- Kevin Goodman, the founder of RTO Software and creator of their Profile Virtualization product, gave a few sessions last year. One session was about everything you need to know about the new "v2" Windows user profiles that are used by Vista and Windows 7. Another session dug into the differences between profile "virtualization" and profile "streaming."
- Back at BriForum 2006, when Kevin Goodman's RTO Software was focused on their Tscale performance optimization product, Kevin gave a great session about how to read a crash dump. (i.e. What to do when your server blue screens.) That was one of our most popular sessions in the history of BriForum, and it was great because it wasn't about Kevin's products.
So you see? In both cases these two guys worked for vendors and obviously had very specific expertise, but they didn't mention their products specifically in their breakout sessions. (By the way, if either Symantec or RTO Software had been a sponsor of BriForum that year and had purchased a sponsored session, then it would be perfectly acceptable for Randy or Kevin to give a full product pitch in their sponsored session, just not the editorial one.)
We've had over 500 breakout sessions over the past eight BriForums, and I'm guessing at least 200 of those were by employees who worked at vendors. By and large we've had no problems with them, although there were a few cases when the speakers didn't "get" the concept and they basically turned their editorial sessions into commercials for their product. (And of course we know who those speakers are and won't be accepting any independent sessions from them in the future.) In one case a marketing person came up and did a ten minute presentation before the real speaker, and then the speaker didn't follow what they'd submitted and basically turned the whole thing into a commercial... yikes!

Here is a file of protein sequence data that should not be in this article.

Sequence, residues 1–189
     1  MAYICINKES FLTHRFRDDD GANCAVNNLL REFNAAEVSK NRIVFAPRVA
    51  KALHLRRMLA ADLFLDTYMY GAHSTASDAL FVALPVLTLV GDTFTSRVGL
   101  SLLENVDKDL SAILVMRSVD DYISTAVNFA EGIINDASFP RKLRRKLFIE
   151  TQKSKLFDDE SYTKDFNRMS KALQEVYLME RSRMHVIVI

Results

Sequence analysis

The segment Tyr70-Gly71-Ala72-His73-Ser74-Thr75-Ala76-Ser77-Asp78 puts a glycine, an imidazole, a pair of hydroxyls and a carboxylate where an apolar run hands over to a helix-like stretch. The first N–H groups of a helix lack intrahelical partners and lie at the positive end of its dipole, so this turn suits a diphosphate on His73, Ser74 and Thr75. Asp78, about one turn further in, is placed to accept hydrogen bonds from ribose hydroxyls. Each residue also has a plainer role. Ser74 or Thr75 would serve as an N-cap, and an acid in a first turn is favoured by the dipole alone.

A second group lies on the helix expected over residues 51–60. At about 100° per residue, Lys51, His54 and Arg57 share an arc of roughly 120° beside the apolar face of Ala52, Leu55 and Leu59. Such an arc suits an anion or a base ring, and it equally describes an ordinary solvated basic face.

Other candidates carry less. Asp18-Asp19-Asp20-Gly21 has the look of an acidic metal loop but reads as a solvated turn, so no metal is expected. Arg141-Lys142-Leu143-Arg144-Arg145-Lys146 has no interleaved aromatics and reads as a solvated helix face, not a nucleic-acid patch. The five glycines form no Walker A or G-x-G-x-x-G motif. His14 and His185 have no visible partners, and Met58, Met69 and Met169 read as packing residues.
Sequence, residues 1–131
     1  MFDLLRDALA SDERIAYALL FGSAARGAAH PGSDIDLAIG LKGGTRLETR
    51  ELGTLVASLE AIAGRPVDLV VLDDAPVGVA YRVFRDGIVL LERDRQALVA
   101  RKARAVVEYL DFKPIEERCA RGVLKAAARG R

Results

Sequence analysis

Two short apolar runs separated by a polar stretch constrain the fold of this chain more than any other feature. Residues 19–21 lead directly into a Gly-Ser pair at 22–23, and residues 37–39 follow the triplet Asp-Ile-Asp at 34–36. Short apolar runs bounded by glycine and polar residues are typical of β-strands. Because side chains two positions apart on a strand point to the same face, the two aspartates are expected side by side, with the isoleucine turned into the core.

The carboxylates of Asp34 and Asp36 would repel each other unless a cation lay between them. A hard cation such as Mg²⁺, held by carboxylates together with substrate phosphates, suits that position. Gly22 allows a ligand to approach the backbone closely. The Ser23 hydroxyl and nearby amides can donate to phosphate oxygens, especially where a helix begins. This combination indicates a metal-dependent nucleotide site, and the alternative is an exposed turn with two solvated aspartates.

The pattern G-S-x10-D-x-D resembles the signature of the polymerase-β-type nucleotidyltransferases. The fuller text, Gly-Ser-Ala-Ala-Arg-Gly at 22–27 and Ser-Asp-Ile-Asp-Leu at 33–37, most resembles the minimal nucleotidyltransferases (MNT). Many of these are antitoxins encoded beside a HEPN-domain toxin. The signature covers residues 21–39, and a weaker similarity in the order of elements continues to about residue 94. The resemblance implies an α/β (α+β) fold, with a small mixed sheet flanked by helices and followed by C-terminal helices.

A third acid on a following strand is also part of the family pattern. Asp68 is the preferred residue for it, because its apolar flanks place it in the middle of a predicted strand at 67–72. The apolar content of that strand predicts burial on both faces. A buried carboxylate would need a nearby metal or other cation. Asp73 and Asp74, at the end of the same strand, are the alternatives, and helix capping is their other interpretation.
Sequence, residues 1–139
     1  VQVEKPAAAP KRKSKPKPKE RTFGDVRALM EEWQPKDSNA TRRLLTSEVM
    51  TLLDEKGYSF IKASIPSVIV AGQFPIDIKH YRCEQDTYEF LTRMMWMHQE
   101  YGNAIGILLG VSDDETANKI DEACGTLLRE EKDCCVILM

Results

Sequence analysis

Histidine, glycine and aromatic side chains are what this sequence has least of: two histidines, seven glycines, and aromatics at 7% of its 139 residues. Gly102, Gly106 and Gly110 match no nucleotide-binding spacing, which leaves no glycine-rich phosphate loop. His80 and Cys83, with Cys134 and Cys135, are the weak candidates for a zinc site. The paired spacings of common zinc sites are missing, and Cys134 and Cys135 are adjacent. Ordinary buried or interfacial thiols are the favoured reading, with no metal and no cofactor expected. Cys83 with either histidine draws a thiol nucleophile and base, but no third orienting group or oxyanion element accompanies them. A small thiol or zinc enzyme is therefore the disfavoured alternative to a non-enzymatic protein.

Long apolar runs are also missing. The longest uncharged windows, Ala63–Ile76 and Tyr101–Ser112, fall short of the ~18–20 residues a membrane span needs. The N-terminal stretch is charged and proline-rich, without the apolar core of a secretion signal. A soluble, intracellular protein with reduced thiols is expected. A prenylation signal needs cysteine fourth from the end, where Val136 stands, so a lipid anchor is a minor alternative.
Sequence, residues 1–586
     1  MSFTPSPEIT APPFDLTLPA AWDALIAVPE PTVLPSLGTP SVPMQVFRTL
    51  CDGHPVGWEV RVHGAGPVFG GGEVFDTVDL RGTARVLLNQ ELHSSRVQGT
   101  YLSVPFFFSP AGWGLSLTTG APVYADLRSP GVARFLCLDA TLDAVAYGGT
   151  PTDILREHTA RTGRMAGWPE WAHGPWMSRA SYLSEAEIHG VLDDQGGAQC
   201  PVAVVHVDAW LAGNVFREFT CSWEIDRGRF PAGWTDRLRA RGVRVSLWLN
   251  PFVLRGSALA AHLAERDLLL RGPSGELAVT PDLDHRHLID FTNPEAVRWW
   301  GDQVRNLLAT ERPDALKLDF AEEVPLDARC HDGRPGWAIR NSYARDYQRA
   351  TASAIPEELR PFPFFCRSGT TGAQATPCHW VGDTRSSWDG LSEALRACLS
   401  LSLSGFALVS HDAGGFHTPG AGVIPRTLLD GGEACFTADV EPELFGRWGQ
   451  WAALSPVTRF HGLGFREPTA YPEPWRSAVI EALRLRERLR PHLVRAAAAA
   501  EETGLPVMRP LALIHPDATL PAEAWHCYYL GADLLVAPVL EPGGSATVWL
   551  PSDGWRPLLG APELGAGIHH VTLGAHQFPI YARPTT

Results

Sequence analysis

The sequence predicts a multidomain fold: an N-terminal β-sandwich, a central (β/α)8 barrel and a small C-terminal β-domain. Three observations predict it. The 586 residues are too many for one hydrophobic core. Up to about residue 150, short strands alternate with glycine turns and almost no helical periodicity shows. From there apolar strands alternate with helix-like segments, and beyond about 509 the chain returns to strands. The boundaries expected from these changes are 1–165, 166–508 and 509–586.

That's only happened a few times though, because as long as you follow the submission guidelines on the "call for papers" page then you'll be fine. For example, we state that all submissions must be made by the person who will be doing the speaking, yet every year we get submissions from PR people on behalf of their speakers!?! (And I'm thinking, "Yikes, if they can't even follow the submission guidelines, what kind of nightmare will they be to work with at the conference?")
We also sometimes get people who try to skirt the "don't talk about your own products rule" by submitting an "independent"' session that's so completely narrow that it doesn't pass the straight-face test and is obviously a thinly-veiled attempt to talk about a single product.
At the end of the day, you can rest assured that when we review session proposals, we do so without revealing the author. We only look at the title and abstract to come up with our initial list. So as long as your content stands on its own then you'll be fine. And if you have any questions about a specific submission, you're always welcome to email me: email@example.com.
So if you're ready to submission a session or two for inclusion in BriForum 2011, the submission deadline for BriForum London is a month from today: Feb 25. And BriForum Chicago session proposals are due on May 6.
Also, if you're planning on attending BriForum London (May 10-11, 2011), the early bird registration period (with a £200 discount) ends next week, so register now!